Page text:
Sunday, January 11, 2015


When a child experiences removal from parents and placement with foster givers, the resultant emotions may be anguish, terror and abandonment. These reactions will be intensified if actual abuse has occurred at home. The feelings are exacerbated when reunion is delayed. For these reasons, laws generally insist that such removal must be done cautiously and sparingly. Parents, children and families should be free of unwarranted government interference in child-rearing. With that in mind, the law customarily asserts that removal of a child is only justified by imminent danger to a child's life or health. Even in such an instance, a hearing and an order is required and a prompt post-removal hearing follow.

Saturday, January 10, 2015


Often for various reasons, removals of children occur at night. That is absolutely terrifying to families and particularly to the children. In such cases parents do not have time to prepare their own children for the intervention and for the affects of separation from family. Obviously, I express this concern with a view to children who are not so badly neglected or abused that they feel they are being delivered. The personnel who conduct such removals as well as those who supervise the placement, are usually strangers to the children. A modest number of placements are made with relatives. It should not be minimized how alien such foster surroundings are perceived by children when all that is familiar is removed from them. They often have no idea why this happening to them. They may live in shock and panic and they may cry and isolate themselves unless they are infants and toddlers who respond to a hug and human warmth.

Friday, January 9, 2015


Each year in each of our provinces in Canada, police officers and child-welfare caseworkers remove children of all ages from the custody of their parents to protect them from alleged abuse or neglect. Some of these “emergency removals” are pre-authorized by judges in ex parte proceedings until the full story is known. In other cases the removals are achieved solely on the authority of the law enforcement or child welfare agency responding to a concerned call they have received. Depending on ages of children and circumstances, the children are predictably seized without warning from their homes or schools, subjected to intrusive interrogations, medical examinations and occasionally strip-searched. They are required to live in foster homes or group homes while the legal system grinds toward a settlement of their future.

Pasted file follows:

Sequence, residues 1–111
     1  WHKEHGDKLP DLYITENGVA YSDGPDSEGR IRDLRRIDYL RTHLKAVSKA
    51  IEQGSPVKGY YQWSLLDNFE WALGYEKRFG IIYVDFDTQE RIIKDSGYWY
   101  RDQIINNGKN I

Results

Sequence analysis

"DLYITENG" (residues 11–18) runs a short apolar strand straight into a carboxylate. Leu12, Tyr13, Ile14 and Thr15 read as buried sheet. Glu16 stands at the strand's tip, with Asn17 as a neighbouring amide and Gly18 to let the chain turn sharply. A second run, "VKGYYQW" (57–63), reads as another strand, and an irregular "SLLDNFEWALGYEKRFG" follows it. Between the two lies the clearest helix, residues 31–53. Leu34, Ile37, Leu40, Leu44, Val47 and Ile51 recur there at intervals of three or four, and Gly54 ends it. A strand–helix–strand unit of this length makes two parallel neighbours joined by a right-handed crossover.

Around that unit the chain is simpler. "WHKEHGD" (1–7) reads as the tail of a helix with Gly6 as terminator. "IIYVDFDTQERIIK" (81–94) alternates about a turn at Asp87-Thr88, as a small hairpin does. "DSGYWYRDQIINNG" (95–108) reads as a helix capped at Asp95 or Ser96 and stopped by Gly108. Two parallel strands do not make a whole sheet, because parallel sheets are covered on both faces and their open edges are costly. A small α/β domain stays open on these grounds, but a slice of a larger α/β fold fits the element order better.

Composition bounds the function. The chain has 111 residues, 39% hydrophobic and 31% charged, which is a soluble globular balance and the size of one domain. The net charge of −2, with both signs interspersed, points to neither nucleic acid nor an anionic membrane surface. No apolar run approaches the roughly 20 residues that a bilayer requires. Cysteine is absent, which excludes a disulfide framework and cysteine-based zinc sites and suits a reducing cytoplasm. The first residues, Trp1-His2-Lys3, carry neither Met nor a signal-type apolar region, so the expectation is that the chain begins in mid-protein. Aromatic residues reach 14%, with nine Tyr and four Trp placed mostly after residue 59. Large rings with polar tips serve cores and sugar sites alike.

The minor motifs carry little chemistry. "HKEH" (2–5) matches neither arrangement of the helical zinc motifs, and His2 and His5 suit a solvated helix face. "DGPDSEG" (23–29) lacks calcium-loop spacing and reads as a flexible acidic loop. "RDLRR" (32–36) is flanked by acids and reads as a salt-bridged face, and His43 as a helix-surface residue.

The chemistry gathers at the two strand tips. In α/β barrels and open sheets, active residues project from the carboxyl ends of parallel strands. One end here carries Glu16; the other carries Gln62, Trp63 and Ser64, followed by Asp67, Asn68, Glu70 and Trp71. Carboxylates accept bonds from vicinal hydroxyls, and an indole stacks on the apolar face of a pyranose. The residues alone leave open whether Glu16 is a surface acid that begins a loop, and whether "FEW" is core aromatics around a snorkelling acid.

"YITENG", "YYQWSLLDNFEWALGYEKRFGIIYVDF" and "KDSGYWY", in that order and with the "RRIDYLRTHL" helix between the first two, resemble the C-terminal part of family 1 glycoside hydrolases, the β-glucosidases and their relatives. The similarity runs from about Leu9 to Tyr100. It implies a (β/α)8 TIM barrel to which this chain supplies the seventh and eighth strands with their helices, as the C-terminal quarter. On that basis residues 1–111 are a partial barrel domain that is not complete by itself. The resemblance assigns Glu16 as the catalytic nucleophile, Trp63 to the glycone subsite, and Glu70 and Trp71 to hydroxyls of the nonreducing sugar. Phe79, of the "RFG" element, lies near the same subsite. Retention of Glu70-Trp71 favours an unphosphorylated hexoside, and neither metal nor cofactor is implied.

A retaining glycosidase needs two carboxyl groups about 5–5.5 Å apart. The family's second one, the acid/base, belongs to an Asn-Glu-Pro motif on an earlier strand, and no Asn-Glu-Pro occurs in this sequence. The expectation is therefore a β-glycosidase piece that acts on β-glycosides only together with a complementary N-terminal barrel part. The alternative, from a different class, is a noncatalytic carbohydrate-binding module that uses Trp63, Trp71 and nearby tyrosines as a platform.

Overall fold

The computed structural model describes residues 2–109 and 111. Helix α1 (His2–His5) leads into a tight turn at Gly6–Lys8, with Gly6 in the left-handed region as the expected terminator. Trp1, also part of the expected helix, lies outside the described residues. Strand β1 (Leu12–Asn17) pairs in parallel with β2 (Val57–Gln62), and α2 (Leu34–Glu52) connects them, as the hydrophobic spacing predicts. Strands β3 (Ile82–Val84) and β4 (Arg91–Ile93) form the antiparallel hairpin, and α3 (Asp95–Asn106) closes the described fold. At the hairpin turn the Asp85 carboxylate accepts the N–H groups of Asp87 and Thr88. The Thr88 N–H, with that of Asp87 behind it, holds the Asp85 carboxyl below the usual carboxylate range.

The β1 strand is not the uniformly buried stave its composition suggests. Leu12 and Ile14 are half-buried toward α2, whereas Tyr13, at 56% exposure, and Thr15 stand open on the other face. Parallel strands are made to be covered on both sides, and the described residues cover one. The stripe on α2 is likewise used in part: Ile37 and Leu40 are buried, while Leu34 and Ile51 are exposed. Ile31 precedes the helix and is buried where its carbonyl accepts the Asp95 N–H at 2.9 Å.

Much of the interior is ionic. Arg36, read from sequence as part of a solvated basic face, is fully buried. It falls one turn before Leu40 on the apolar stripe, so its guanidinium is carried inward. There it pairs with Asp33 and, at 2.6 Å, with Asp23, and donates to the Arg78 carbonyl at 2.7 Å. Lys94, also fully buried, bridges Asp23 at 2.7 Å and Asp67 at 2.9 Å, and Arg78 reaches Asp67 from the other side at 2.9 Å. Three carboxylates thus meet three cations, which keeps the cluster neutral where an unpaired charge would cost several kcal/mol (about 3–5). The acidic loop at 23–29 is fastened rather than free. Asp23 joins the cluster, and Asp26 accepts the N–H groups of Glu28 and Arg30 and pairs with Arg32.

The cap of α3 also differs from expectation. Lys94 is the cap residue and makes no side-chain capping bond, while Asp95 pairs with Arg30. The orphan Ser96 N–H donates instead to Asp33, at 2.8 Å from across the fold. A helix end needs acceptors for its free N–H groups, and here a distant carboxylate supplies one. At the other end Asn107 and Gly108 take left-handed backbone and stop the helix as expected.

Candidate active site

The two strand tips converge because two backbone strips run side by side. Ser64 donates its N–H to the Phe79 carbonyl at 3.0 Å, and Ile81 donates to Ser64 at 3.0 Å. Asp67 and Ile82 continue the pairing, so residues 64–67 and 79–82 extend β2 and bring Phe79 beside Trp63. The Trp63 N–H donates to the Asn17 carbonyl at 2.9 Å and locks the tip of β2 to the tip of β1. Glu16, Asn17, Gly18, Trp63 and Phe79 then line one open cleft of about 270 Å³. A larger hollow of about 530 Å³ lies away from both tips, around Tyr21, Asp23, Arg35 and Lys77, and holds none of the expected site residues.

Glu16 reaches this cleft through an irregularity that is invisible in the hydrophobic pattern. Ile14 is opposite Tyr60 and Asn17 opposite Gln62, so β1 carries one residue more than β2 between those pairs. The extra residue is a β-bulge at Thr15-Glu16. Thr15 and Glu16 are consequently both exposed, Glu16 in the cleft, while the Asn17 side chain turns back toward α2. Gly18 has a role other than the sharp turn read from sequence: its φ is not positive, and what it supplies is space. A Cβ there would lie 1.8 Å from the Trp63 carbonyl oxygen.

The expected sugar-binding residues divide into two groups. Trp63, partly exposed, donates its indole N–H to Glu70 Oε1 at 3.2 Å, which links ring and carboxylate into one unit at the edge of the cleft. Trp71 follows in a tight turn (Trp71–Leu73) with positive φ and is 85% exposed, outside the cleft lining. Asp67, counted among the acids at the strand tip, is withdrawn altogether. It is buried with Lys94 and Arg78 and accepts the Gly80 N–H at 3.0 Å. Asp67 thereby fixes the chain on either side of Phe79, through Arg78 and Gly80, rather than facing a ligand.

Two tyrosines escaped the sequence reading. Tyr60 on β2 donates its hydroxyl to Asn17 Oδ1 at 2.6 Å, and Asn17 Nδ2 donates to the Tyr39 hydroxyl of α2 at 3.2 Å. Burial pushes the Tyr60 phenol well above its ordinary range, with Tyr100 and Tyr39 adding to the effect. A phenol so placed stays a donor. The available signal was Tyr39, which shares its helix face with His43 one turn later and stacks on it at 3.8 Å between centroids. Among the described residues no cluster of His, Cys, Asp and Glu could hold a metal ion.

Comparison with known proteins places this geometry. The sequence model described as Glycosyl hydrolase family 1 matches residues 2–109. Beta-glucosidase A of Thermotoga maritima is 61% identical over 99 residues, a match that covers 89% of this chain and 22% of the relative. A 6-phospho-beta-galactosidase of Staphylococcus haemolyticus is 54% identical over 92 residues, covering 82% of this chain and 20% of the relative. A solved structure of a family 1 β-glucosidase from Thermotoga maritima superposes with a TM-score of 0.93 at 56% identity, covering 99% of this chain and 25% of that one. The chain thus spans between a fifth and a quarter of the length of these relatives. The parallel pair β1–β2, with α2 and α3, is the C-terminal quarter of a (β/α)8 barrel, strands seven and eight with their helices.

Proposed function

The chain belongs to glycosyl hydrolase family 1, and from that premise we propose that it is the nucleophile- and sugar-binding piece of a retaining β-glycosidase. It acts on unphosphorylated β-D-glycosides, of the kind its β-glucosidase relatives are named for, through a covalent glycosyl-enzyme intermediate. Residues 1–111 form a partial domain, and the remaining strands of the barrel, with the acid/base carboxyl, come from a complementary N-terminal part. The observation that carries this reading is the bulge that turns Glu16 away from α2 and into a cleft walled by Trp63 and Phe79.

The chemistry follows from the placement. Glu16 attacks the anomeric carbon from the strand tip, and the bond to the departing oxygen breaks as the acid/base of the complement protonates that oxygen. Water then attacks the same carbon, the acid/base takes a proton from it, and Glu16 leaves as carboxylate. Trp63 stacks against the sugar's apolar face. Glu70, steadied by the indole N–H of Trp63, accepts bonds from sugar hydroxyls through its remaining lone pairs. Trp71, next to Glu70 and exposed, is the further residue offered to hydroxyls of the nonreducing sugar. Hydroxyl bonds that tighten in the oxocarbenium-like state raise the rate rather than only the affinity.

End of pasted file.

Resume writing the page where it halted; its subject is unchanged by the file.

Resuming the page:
Thursday, January 8, 2015


It's a bureaucratic spectacle. It is recognizable. Even lawyers acknowledge that within a network of social workers, police officers and judges who make the hard decisions for emergency child-removals, there is a tendency for these professionals to become self-reinforcing and self-perpetuating in all subsequent child protective proceedings. Where are the checks and balances, the accountability, the investigatory due diligence, particularly when it is also statistically evidenced that each day that a child lives in a foster care environment is another day closer to the termination of all parental rights. In a just system, good and responsible parents despite economic, emotional or relational challenges would be identified, would not be cut off from their children and would not lose in their lives, what is most precious to them. There is so much that a just child protection system can do to assist parents to raise their children safely and happily rather than to take the children away.